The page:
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How should I improve my haemoglobin?

Q: I am a 41 years old female. I have thalassaemia trait and as a result of this I cannot take any iron supplements to improve my haemoglobin. My Hb hovers around 9 to 9.5. My serum ferritin level is 55 and my doctor says it should be at least 70. I take one Folvite every morning and one Eltroxin per day for my treatment for hypothyroidism. I have been asked to have 2 tablespoons of Hemfer syrup as well. I see that 15 ml of this syrup contains ferrous glycine sulphate which is equivalent to 50 gms of elemental iron. Is taking this syrup safe for my health? I also suffer from polycystic ovary syndrome. Please advise.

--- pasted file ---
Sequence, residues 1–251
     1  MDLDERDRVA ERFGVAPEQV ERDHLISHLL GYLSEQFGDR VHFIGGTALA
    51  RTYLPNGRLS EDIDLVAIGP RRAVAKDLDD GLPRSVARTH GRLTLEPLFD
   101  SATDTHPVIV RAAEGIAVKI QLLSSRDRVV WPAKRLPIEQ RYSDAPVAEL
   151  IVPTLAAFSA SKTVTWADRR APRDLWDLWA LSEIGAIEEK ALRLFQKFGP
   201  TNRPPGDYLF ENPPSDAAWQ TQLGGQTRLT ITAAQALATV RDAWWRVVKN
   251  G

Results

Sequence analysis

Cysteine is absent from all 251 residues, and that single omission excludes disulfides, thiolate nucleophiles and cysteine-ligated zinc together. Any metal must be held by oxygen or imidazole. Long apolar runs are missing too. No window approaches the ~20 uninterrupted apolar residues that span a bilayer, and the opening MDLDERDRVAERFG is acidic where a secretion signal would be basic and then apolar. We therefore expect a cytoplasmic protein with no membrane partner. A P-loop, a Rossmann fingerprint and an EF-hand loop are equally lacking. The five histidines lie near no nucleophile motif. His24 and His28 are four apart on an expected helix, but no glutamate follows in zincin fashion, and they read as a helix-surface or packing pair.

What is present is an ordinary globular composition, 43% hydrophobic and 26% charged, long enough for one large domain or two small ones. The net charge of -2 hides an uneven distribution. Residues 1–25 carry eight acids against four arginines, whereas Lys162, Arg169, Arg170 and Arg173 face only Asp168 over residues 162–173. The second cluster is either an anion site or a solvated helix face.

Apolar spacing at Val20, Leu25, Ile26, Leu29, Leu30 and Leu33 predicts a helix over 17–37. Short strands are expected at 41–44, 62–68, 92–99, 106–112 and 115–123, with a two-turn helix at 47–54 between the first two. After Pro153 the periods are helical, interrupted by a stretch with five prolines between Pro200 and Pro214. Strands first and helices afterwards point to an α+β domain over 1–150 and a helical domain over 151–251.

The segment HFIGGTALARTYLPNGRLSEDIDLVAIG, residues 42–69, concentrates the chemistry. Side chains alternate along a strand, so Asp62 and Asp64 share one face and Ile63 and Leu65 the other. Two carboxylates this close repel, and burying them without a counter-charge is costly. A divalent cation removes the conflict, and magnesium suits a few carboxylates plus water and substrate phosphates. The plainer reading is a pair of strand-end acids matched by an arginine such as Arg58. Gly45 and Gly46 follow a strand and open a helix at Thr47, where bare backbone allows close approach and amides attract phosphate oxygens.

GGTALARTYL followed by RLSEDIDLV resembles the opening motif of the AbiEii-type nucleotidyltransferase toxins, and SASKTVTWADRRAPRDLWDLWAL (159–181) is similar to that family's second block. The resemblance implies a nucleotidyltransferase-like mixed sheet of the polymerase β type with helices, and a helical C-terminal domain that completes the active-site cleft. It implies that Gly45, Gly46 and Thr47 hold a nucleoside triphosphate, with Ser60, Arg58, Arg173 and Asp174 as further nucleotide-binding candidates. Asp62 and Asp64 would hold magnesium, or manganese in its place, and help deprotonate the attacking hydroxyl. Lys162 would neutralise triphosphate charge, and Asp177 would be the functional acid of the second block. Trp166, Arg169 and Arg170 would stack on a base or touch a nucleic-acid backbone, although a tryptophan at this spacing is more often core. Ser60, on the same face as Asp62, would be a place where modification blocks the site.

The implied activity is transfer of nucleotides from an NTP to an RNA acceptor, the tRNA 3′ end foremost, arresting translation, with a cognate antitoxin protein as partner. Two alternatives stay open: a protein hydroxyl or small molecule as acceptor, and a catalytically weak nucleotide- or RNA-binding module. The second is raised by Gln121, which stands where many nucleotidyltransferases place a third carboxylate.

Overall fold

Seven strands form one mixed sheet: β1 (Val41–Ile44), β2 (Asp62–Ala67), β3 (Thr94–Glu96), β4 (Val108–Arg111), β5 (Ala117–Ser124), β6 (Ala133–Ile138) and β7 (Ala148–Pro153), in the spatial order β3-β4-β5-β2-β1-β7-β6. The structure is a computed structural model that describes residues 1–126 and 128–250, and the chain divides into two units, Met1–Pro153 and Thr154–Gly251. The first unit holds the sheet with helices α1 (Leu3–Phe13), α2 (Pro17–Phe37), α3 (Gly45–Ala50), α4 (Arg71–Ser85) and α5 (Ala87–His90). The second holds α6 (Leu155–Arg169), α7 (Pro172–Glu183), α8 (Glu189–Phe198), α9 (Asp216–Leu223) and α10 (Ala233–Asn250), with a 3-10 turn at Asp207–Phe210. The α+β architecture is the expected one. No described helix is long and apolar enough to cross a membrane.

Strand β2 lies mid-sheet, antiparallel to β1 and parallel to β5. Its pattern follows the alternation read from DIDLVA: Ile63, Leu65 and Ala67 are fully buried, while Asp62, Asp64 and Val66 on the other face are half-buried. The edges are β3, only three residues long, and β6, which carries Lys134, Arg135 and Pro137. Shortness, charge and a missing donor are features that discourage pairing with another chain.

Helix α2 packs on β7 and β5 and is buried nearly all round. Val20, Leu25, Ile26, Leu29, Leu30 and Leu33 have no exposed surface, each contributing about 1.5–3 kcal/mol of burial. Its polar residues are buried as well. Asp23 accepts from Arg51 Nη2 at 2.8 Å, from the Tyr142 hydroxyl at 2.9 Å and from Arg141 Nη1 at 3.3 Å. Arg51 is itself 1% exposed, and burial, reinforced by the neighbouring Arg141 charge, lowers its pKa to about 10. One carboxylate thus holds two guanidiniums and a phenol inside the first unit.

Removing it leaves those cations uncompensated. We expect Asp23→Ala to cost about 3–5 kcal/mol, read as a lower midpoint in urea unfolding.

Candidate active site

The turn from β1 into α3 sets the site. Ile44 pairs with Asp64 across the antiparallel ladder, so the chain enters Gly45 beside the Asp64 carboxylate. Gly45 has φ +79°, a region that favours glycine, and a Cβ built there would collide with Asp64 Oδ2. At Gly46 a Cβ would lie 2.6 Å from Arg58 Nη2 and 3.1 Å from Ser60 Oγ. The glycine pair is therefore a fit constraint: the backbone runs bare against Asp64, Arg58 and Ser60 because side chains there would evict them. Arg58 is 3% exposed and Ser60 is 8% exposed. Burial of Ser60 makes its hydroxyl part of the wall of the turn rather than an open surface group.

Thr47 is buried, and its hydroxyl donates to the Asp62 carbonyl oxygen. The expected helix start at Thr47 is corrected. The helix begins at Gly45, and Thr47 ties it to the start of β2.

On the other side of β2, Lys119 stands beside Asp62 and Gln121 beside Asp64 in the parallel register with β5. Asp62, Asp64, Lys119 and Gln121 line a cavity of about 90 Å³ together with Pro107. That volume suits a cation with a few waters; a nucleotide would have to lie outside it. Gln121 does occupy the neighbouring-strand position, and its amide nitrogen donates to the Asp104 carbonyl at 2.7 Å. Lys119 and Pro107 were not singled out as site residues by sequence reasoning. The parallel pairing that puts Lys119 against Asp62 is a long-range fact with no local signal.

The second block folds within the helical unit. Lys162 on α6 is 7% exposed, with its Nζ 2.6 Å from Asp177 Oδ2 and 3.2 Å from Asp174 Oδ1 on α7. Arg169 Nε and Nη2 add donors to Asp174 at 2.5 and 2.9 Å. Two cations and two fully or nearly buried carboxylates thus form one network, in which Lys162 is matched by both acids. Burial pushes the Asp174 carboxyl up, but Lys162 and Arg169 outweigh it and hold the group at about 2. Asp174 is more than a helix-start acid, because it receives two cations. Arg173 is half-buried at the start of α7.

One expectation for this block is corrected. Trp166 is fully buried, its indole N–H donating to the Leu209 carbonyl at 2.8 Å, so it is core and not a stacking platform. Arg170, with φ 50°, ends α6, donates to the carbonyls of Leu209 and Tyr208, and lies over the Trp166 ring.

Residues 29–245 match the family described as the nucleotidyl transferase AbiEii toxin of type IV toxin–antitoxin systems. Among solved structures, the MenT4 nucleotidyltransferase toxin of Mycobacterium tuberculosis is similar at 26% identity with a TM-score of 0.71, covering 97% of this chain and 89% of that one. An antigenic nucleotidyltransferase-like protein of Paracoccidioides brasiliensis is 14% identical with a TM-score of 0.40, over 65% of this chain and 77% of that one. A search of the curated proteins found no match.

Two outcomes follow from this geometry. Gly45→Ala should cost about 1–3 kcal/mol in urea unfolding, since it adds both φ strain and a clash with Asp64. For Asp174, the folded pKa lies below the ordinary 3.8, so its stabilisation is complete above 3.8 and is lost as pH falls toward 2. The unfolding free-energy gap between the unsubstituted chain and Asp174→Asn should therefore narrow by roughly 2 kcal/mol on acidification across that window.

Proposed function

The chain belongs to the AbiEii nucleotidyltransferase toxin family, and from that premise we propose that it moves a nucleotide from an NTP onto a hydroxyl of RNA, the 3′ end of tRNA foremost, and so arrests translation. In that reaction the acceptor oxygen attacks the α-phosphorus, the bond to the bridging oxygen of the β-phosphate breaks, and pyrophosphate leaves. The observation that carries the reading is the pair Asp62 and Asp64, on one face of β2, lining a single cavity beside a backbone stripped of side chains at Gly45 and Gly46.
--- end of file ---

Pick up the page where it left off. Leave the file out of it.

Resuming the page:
A:The presence of concomitant iron deficiency with beta-thal trait (BTT) is quite common in our country. The effect of iron deficiency in BTT is apparent as a significant lowering of the haemoglobin (Hb) concentration and an increased prevalence of anaemia. Iron therapy is warranted for such patients with iron-deficiency and helps to significantly raise the Hb concentration. There is no reason why you should not take iron supplement. Dietary iron is available in two valency states, Fe 2+ (ferrous) and Fe 3+ (ferric). The majority of ferrous form is found in haeme iron (as haemoglobin & myoglobin in meat and meat products) while most ferric iron is found in non-haeme iron (plant foods like cereals, vegetables, pulses, dried fruits etc.). Haeme iron is readily available and usually 20-30% of it is absorbed from the diet. This can increase upto 40% when an individual is iron deficient. The level of haeme iron absorption is relatively unaffected by other dietary factors. Non-haeme iron, in contrast, is relatively poorly absorbed (usually less than 10% of dietary intake and often under 5%). Its absorption is markedly influenced by an individuals iron status and dietary factors that can either inhibit or enhance it. Treatment of most patients with iron deficiency is with oral iron therapy. The cheapest and most effective form is ferrous iron. The side effects experienced on taking iron tablet are proportional to the amount of iron available for absorption. The iron preparation you take should contain between 30-100 mg elemental iron. Avoid enteric-coated or prolonged-release preparations. The dose you take should be sufficient to provide between 150-200 mg elemental iron per day and the tablet may be taken 2 to 3 times a day about 1 hour before meals, preferably with a glass of juice (as vitamin C enhances iron absorption). Take a normal nutritious diet and folic acid supplement twice a week. The treatment should be continued for 3 months after the haemoglobin has returned to normal so that the body iron stores are replenished. Response to treatment is confirmed by doing a reticulocyte count after 10-12 days of treatment and the rate of rise of haemoglobin.


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